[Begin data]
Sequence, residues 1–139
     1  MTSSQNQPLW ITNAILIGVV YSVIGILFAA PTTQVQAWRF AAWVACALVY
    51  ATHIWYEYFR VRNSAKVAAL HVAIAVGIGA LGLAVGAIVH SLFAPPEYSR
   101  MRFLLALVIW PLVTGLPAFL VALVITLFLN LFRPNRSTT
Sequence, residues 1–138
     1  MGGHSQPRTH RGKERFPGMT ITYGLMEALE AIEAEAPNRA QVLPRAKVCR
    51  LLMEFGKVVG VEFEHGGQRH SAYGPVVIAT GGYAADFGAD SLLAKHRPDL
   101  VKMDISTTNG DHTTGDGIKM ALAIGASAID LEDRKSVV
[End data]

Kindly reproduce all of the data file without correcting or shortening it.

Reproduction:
Sequence, residues 1–139
     1  MTSSQNQPLW ITNAILIGVV YSVIGILFAA PTTQVQAWRF AAWVACALVY
    51  ATHIWYEYFR VRNSAKVAAL HVAIAVGIGA LGLAVGAIVH SLFAPPEYSR
   101  MRFLLALVIW PLVTGLPAFL VALVITLFLN LFRPNRSTT
Sequence, residues 1–138
     1  MGGHSQPRTH RGKERFPGMT ITYGLMEALE AIEAEAPNRA QVLPRAKVCR
    51  LLMEFGKVVG VEFEHGGQRH SAYGPVVIAT GGYAADFGAD SLLAKHRPDL
   101  VKMDISTTNG DHTTGDGIKM ALAIGASAID LEDRKSVV